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First of all, by definition, there are more values of type X than there are of type X'. After all, to say that X' is a subtype of X is to say that every value of type X' is a value of type X, so there can t be more values of type X' than there are of type X; and if the two types have the same number of values, then they re the same type. Note: I m aware that not everyone agrees with the points I m making here. I ll revisit them later in this chapter. The precondition that applies to M when it s invoked on an object O of type X is basically that O must have a value that s a value of type X. The precondition that applies to M when it s invoked on an object O' of type X' is basically that O' must have a value that s a value of type X'. This latter precondition is obviously more restrictive than the former, thereby directly contradicting the claim that the former is supposed to be more restrictive than the latter. Note: Of course, I m aware that preconditions might be more complicated in practice than the simple ones I m describing here, but it s sufficient to consider just the simple case in order to make the point I want to make.7 Now here s the second claim: Again, let M be a method that applies to objects of type X and therefore to objects of type X' as well. Then the postconditions that apply to M when it s invoked on an object of type X' must be at least as restrictive as those that apply to M when it s invoked on an object of type X. This claim, by contrast, does seem reasonable. Assume first that M produces a result R when it s invoked. Then given the preconditions stated earlier it s obvious that every possible result that can be produced when invoking M on some object O' of type X' can also be produced when invoking M on some object O of type X (because O' is an object of type X, by definition). Thus, the postcondition that applies to M when it s invoked on an object of type X' is obviously at least as restrictive as the one that applies to M when it s invoked on an object of type X. Onward. Tockey subsequently gives an example of two methods both called Draw, one of which applies to objects of type GeometricShape and the other to objects of type WildWestGunfighter, and observes, correctly, that there s no subtyping, and therefore no substitutability, in that example. (His actual words are as follows: [According] to LSP, WildWestGunfighter is not a subtype of GeometricShape and I should not expect a program to be well behaved if I substitute a member of WildWestGunfighter in a place where the program expected a GeometricShape. ) Well, I agree, but I think the point would have been much clearer if the writer had explicitly introduced the terms inclusion polymorphism and overloading polymorphism (and explained the difference between them, of course). Let me elaborate. First of all, an operator (or method ) is said to be polymorphic if it s defined in terms of some parameter P and the arguments corresponding to P can be of different types on different invocations. The equality operator = is an obvious example: We can test any two values for equality (just so long as the two values are of the same type), and so = is polymorphic it applies to integers, and to character strings, and to ellipses, and to polygons, and in fact to values of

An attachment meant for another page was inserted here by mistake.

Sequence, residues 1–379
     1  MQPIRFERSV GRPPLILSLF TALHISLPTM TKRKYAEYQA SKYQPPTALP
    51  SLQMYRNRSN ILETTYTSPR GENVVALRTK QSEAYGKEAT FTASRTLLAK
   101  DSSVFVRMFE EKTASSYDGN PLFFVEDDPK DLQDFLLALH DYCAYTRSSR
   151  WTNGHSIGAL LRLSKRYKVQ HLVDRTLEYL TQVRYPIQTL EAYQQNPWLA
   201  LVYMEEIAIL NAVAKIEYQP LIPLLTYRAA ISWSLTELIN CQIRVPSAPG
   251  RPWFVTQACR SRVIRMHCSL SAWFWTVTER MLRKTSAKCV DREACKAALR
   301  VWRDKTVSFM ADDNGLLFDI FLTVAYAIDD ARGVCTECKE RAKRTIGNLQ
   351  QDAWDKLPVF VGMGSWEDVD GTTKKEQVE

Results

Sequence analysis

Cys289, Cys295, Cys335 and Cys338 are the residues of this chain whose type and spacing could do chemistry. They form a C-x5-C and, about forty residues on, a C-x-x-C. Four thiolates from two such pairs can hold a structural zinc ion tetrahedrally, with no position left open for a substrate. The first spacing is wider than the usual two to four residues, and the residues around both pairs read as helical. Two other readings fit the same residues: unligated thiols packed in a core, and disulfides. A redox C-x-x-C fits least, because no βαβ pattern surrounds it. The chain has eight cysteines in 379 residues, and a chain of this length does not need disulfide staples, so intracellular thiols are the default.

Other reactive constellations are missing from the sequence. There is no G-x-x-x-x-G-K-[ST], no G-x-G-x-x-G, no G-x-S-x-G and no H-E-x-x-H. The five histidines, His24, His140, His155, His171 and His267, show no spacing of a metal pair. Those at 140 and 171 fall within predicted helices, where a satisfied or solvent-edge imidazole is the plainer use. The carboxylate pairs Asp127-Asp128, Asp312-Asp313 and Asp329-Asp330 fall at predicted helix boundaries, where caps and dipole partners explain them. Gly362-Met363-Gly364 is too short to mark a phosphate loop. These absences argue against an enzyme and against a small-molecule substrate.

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7. As an aside, I feel bound to say that I m not very happy with the terminology of preconditions, anyway. Given a method M, the preconditions, as such, for M are surely always the same, no matter what types the arguments might happen to have. Thus, the real question is, rather, Do the arguments satisfy the preconditions (Perhaps the reason I m having difficulties here is that Tockey and I are basing our statements on different unspoken assumptions. Be that as it may, I ll revisit the whole business of preconditions and postconditions later in this chapter.)